- One-to-one and small group tuition: the government currently provides one-to-one and small group tuition via the National Tutoring Programme (NTP). It should continue to fund tuition over the next three years, either through the NTP or directly through schools themselves – depending on the success of the NTP over the next year. (£340m cost in total for 2022-23 and 2023-24)
- An increase and extension of the Pupil Premium: The Pupil Premium should be increased to reflect the likely widening of the gap between poorer pupils and their peers following the pandemic. It should also be extended to those on a Child Protection Plan (CPP), given these pupils are more educationally disadvantaged. (3-year cost of increase: £720m. 3-year cost to extend to CPP: £390m).
- Greater incentives for teachers to work in “challenging areas”: teacher quality is the most important in-school driver of pupil outcomes. Extra payments given to teachers to work in “challenging areas” should be doubled to £2,000 per year, extended to existing teachers, and focused on the poorest 20-25% of schools. (3-year cost: £135m).
- Extra funding for schools to hire a mental health support worker: given that young people’s mental health has deteriorated over the last year, and the link between wellbeing and attainment, schools should be given additional, ringed-fenced funding to hire a support worker. This could be an educational psychologist, pastoral worker, or counsellor. Current plans do not guarantee immediate or sufficient support for all schools (3-year cost: £1.5bn).
- New guidance to schools to support better wellbeing and inclusion: clear guidance should be given to schools to improve understanding of children’s complex wellbeing needs and the need to avoid exclusions following the pandemic. (3-year cost: neutral).
- Softer accountability measures for schools in 2021-22: Ofsted should refrain from a “business as usual” approach and instead focus inspection on how well schools are supporting pupils following the pandemic. Given the changes to exam grades, school performance tables should continue to be suspended for the 2022 cohort.
- A new continuous professional development (CPD) fund for teachers: high-quality CPD for teachers has been shown to have a significant effect on pupil attainment. The government should create a new and distinct CPD fund for all teachers which focuses on delivering high-quality support programmes with greater transparency and accountability. (3-year cost: £1.2bn).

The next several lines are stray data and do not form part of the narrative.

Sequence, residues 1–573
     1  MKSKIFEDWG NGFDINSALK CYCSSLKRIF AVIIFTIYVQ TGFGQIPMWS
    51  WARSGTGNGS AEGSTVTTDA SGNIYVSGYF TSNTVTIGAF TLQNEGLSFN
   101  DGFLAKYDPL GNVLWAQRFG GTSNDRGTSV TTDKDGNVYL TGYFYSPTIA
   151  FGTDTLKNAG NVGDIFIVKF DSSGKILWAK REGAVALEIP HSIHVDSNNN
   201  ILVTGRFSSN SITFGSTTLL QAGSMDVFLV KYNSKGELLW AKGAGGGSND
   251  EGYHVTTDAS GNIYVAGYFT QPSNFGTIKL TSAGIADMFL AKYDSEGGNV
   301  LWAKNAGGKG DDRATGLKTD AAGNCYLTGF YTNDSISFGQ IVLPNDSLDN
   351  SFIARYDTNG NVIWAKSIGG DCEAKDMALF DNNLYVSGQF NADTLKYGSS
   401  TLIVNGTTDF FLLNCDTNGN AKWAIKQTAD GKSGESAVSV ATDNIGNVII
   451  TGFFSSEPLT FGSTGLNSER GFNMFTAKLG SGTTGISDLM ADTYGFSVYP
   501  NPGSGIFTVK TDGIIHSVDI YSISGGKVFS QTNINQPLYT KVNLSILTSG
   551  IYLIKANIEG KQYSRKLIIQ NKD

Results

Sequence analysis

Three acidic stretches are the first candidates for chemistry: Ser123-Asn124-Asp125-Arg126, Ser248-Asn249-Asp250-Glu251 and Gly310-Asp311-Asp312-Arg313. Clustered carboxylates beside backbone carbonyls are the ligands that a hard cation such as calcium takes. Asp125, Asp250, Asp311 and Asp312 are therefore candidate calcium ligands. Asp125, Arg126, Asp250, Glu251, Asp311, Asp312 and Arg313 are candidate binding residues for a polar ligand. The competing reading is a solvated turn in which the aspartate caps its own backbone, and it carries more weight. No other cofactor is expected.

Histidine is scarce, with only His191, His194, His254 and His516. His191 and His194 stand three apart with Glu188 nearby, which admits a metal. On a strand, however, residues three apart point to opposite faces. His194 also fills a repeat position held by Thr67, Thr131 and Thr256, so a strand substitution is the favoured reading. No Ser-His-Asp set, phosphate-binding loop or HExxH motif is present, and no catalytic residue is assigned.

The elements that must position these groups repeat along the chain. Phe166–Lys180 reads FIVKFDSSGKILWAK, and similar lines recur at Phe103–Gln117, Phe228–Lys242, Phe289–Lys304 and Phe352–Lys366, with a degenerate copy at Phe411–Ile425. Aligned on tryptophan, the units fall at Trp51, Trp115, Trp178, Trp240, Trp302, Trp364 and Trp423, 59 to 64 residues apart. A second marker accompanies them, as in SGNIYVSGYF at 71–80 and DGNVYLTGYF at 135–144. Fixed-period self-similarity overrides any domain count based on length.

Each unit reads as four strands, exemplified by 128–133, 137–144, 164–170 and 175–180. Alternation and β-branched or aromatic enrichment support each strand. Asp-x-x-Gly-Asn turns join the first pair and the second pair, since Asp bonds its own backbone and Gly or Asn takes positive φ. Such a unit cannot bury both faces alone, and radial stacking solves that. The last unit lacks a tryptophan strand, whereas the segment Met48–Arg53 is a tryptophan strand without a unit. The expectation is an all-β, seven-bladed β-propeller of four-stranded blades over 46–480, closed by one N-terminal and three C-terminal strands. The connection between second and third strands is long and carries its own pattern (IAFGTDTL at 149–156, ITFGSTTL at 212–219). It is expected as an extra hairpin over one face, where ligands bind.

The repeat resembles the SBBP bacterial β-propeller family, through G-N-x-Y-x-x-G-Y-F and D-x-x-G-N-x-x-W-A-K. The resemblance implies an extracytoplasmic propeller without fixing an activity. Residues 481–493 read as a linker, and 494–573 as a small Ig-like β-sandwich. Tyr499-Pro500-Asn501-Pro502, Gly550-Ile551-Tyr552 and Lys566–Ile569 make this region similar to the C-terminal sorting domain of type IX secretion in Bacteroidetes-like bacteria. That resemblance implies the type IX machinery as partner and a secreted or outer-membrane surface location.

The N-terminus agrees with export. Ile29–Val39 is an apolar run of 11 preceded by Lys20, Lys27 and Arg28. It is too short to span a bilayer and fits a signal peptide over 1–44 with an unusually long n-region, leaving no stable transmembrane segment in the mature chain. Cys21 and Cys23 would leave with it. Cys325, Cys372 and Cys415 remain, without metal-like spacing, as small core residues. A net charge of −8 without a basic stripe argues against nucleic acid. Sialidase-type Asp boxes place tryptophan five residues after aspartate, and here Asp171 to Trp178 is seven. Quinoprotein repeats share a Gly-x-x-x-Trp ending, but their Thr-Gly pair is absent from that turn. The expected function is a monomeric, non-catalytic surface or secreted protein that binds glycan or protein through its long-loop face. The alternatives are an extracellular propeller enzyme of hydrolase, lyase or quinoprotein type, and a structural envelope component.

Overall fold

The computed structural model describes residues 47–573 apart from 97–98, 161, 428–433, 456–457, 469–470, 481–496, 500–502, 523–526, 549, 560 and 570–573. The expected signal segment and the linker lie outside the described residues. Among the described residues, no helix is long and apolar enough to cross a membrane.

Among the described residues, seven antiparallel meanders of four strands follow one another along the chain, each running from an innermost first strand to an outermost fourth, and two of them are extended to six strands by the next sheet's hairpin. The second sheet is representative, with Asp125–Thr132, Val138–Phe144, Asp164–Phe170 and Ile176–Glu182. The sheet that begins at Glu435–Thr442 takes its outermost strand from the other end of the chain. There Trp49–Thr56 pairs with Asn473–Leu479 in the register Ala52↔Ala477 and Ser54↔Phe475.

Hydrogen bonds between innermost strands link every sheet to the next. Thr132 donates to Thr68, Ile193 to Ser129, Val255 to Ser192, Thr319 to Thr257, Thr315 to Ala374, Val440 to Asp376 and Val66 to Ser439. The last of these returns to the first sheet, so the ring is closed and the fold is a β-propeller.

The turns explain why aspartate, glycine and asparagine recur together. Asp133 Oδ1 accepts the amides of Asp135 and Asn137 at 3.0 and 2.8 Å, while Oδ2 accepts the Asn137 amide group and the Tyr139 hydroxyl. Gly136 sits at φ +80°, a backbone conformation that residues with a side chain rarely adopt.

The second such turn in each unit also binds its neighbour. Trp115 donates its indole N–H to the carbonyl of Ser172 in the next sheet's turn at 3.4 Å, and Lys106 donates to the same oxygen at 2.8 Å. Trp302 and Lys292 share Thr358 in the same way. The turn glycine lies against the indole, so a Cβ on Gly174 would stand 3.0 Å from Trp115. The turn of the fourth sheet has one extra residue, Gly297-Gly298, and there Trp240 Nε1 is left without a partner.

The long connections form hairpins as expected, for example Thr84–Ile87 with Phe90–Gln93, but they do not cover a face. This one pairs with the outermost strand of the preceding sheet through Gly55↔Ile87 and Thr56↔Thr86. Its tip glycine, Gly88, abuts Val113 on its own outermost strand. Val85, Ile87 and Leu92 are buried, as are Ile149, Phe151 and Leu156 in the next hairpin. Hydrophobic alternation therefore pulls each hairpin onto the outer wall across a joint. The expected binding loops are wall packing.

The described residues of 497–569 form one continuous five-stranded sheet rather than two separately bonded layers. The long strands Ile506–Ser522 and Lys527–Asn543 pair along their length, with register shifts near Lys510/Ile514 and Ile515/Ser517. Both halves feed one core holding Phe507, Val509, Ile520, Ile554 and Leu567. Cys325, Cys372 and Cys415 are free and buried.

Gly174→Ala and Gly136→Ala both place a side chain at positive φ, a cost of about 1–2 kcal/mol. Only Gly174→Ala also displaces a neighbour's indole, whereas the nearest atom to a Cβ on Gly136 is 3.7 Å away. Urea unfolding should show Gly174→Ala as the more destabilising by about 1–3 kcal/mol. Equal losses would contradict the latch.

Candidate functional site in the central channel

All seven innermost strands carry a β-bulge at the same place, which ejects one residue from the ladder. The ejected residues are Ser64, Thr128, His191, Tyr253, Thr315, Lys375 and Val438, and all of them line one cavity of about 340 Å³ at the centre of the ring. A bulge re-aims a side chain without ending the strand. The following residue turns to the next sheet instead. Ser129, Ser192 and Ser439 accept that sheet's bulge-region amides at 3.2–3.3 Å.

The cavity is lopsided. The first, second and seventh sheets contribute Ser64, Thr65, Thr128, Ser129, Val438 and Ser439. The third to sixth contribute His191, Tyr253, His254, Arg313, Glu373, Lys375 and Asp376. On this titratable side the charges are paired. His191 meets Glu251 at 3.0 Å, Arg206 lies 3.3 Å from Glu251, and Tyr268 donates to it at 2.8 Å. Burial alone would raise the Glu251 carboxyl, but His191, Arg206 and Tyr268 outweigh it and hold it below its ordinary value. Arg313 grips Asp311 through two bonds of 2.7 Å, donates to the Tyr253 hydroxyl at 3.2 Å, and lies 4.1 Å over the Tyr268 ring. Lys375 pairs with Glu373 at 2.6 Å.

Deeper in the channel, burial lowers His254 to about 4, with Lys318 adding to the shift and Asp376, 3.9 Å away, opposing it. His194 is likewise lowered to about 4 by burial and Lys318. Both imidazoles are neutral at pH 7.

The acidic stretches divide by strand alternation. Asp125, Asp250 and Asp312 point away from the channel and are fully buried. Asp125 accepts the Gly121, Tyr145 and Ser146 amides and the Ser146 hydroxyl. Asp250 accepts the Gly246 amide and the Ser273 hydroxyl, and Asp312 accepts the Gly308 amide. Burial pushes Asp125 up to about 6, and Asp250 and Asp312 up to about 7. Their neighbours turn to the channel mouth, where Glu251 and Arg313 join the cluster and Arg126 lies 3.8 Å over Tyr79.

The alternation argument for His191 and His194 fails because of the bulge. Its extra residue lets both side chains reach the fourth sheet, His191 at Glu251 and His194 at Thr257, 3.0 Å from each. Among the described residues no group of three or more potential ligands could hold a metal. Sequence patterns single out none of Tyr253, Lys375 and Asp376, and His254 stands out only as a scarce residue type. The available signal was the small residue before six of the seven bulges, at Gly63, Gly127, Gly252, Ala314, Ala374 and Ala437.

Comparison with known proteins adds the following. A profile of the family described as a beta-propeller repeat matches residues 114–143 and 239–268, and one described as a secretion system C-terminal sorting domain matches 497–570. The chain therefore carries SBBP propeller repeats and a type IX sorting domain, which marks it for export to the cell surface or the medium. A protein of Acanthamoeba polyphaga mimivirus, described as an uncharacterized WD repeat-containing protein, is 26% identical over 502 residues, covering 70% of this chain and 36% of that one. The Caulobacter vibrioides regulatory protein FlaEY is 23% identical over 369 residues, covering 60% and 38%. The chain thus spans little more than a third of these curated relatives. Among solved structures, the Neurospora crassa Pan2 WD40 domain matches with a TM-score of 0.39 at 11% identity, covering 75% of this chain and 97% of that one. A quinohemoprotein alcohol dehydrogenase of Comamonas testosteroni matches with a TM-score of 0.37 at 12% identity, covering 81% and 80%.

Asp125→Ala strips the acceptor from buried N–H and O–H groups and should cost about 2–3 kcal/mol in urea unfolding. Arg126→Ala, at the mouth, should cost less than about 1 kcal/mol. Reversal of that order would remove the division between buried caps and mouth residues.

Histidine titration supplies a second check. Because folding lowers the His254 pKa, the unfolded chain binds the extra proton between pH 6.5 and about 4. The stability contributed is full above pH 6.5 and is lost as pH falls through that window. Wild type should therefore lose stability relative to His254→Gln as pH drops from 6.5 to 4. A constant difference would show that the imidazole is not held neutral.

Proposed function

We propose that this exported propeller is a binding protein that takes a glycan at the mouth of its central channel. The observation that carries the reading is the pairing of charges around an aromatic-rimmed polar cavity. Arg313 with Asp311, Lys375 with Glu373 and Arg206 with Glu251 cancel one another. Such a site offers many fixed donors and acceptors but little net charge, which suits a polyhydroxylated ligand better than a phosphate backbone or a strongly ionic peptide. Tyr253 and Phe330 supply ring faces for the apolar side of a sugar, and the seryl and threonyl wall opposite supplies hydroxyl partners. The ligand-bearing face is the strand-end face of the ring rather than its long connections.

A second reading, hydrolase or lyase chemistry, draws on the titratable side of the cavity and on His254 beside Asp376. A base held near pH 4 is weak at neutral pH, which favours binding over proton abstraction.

- Allow pupils to repeat a year if appropriate: to tackle some extreme individual cases of learning loss, the government should introduce a new right for pupils to repeat a year of education, where this is supported by their parent or parents. This would only apply to a very small minority of pupils. (2-year cost: £180m).
Recovery for younger children: early years education
Schools alone should not be left to provide support – the recovery must also include support for younger children in the early years – where high quality education and care can play a decisive role. The following policies should be included:
- Increase funding for the Early Years Pupil Premium: bringing it up to the same rate as primary aged pupils. (3-year cost: £400m).
- Fund a pilot study into the effect of higher quality early years education on young children: government funding for early years providers is below the OECD average. A pilot would provide evidence on the impact of high-quality provision funded at a higher rate than what is currently provided. (3-year cost: £83m).
Recovery for older students: 16-19 education
16-19 education already faced severe challenges prior to the pandemic, seeing the largest real-terms loss of funding in any phase of education since 2010/11. The following policies for colleges, sixth forms and those studying apprenticeships will be required to reverse the impact of the pandemic:
- Extend the 16-19 Tuition Fund for a further two years (2-year cost: £204m).
- Provide funding to extend 16-19 courses for an additional year where there is demand (3-year cost: £990m).
- Fund post-16 places in Alternative Provision (3-year cost: £263m).
- Fund a new 16-19 Student Premium (3-year cost: £740m).
- Target subsidies towards younger apprentices aged 18-24 (3-year cost: neutral).
This report is funded by Unbound. Unbound Philanthropy is an independent private grant-making foundation that seeks to contribute to a vibrant, welcoming society and an immigration system rooted in justice. We support pragmatic, innovative and responsive approaches to inclusion in the United States and United Kingdom to explore and advance what this looks like in practice.